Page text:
Chinese companies are continuing their U.S. shopping spree. On Monday, the focus was on real estate. A group led by China’s Anbang Insurance came in with a $12.8 billion takeover offer for Starwood Hotels & Resorts Worldwide. The buyout offer threatens to upend Starwood’s tie-up with Marriott International. Anbang is also near a deal to buy Strategic Hotels & Resorts from a Blackstone-managed real-estate fund, people familiar with the situation said. Chinese companies have announced 36 purchases of U.S. companies valued at $39 billion, eclipsing 2015’s full-year record of $17 billion through 114 deals. And 2015 broke the record set in 2014, when Chinese buyers spent $14 billion on U.S. acquisitions. The tally for each year includes transactions where Chinese firms took big stakes in U.S. firms, such as the 5.6% stake that Alibaba took in Groupon in February.
Globally outbound Chinese M&A activity is closing in on its full-year high. Chinese companies have spent $102 billion to buy companies outside of its borders, just shy of its full-year record set in 2015 of $106 billion. The $43 billion acquisition of Swiss pesticide and seed company Syngenta by government-owned China National Chemical Corp. accounts for a large portion of that volume. Beyond real estate, Chinese companies have aggressively pursued deals for U.S. chip makers. In mid-February, U.S. technology distributor Ingram Microid said it had agreed to be acquired for about $6 billion by a unit of Chinese conglomerate HNA Group. Chinese buyers also have sought break up a number of existing deals for U.S. semiconductor companies with offers of their own.
Late last year, a group including China Resources Microelectronics and Hua Capital Management made an unsolicited bid for Fairchild Semiconductor International, which already had a deal with U.S. chip maker ON Semiconductor. Prior to that deal, the Chinese chip maker Montage Technology sought to break up Diodes planned purchased of Pericom Semiconductor. Both Fairchild and Pericom rejected the proposals from the Chinese firms, citing concerns that they would fail to pass muster with U.S. authorities on national-security grounds. U.S. regulators -specifically the U.S. Committee on Foreign Investment- have pushed back on Chinese purchases. In January, the committee blocked Royal Philips planned $2.8 billion sale of most of its lighting components and automotive-lighting unit to a Chinese investor on national-security grounds. The aggressive push into the U.S. comes amid slowing growth in China.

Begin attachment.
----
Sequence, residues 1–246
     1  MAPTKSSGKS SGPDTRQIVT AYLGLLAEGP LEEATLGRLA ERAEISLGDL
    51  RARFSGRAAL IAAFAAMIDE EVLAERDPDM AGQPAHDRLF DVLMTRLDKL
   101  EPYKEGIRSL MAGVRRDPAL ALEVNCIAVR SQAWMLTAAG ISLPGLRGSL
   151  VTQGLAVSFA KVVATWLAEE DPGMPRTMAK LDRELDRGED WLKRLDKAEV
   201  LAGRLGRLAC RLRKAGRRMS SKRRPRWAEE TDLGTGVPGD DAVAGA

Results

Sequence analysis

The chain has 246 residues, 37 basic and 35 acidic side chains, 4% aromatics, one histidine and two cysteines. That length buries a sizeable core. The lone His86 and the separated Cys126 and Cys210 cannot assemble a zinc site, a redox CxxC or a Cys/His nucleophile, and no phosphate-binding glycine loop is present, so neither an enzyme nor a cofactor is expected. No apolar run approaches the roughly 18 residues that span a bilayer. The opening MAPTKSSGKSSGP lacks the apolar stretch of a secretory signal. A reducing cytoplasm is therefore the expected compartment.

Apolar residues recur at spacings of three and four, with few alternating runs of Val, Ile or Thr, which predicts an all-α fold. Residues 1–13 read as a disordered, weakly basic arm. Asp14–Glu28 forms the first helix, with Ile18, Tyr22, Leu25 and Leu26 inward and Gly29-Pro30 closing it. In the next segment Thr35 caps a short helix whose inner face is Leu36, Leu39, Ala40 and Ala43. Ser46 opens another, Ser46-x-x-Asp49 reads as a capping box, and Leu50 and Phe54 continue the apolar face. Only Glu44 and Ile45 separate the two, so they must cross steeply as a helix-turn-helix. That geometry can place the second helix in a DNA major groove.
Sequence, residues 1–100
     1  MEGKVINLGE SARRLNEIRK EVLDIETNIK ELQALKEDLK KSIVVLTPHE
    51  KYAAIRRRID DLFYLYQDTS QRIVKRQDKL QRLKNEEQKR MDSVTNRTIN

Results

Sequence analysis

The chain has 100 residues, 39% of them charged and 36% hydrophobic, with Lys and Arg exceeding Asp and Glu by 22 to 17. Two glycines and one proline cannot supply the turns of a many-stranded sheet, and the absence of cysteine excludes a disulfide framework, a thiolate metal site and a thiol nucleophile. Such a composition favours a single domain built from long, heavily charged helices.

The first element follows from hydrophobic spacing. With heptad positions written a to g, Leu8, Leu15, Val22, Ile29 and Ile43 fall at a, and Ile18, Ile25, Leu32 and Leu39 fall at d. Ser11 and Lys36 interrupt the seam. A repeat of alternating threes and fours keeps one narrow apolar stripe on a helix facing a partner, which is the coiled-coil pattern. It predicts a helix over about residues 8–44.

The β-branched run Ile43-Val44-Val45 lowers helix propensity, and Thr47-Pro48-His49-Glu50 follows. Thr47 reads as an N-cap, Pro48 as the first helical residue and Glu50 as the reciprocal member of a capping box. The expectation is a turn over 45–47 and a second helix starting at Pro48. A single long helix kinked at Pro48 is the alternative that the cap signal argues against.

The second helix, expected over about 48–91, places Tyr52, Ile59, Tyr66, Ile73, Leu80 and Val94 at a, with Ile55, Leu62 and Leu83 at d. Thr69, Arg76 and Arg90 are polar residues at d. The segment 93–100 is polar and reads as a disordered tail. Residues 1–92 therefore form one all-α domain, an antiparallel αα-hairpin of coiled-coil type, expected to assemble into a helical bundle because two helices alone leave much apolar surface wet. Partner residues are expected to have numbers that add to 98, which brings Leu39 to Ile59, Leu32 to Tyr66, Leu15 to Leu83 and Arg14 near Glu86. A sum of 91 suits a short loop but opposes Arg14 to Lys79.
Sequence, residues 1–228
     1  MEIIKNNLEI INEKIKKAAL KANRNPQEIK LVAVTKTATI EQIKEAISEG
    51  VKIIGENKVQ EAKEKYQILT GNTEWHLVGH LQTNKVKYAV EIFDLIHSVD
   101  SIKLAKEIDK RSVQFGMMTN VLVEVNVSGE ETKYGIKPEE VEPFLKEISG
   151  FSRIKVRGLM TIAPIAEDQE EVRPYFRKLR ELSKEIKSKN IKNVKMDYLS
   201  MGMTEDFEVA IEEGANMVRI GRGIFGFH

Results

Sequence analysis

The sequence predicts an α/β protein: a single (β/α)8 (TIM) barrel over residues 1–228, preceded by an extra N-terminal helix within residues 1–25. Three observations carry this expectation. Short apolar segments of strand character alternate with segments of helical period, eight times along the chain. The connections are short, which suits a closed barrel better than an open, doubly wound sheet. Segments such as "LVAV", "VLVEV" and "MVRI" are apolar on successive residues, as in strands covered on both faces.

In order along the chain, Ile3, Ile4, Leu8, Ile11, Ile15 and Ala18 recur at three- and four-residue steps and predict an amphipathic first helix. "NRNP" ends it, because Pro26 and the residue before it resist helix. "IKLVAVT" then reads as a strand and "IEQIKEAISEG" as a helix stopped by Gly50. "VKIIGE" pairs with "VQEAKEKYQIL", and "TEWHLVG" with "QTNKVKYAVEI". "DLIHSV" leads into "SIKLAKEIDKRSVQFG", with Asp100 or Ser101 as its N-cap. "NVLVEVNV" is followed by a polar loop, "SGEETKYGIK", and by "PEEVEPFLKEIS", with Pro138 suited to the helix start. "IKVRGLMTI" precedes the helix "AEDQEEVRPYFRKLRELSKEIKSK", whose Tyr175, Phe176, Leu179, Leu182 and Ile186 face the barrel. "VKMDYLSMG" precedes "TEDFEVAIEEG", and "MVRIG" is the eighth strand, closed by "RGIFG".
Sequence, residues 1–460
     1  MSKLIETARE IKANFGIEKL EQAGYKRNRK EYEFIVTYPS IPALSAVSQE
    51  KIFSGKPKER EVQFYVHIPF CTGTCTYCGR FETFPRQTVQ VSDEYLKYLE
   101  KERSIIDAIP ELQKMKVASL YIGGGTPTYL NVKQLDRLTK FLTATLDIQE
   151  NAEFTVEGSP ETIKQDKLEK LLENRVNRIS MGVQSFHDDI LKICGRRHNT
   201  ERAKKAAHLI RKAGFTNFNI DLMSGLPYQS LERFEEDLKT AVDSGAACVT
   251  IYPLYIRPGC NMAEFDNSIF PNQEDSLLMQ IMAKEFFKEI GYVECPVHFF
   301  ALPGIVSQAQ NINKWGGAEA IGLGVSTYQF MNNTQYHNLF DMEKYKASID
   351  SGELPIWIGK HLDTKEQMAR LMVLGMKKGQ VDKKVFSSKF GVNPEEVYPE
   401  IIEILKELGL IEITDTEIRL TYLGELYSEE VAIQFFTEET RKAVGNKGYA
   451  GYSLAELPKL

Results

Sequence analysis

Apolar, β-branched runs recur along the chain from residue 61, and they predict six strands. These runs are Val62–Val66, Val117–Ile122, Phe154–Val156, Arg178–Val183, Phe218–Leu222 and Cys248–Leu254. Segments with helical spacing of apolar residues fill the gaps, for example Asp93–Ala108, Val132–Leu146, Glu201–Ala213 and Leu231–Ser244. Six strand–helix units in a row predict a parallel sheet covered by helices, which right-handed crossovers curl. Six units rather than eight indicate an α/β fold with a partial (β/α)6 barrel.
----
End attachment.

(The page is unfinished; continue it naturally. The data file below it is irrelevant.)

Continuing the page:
China’s central bank has drafted rules for a tax on foreign-exchange transactions that would help curb currency speculation, according to people with knowledge of the matter. The initial rate of the so-called Tobin tax may be kept at zero to allow authorities time to refine the rules, said the people, who asked not to be identified as the discussions are private. The tax is not designed to disrupt hedging and other foreign-exchange transactions undertaken by companies, they said. Imposing a levy on foreign-exchange trading would be the most extreme step yet by policy makers to prevent speculative bets against the Chinese currency, after state-run banks repeatedly intervened to support the yuan and the government intensified a crackdown on capital outflows.
A Tobin tax would complicate plans by China to create an international reserve currency and could undermine the leadership’s pledge to increase the role of market forces in the world’s second-largest economy. “These measures can’t guarantee volatility in the market will come down since it’s difficult to identify if currency trading is down to speculation or the genuine need of companies hedging their foreign-exchange exposure,” said Tommy Ong, managing director for treasury and markets at DBS Hong Kong Ltd. “There haven’t been many successful experiences of this happening anywhere else in the world.” The rules still need central government approval and it’s not clear how quickly they can be implemented, the people said. PBOC Deputy Governor Yi Gang raised the possibility of implementing the punitive measure late last year in an article written for China Finance magazine.
The Bank of Japan refrained from bolstering its record monetary stimulus as policy makers gauge the impact of the negative interest-rate strategy they adopted in January. Governor Haruhiko Kuroda and his board kept the target for increasing the monetary base unchanged, and left their benchmark rate at minus 0.1%, the BOJ said in a statement on Tuesday. The decision was forecast by 35 of 40 economists surveyed by Bloomberg. The central bank reiterated that it will add easing if necessary. With the BOJ far from its 2% inflation goal and economic growth stalling, most analysts have seen additional stimulus as just a matter of time.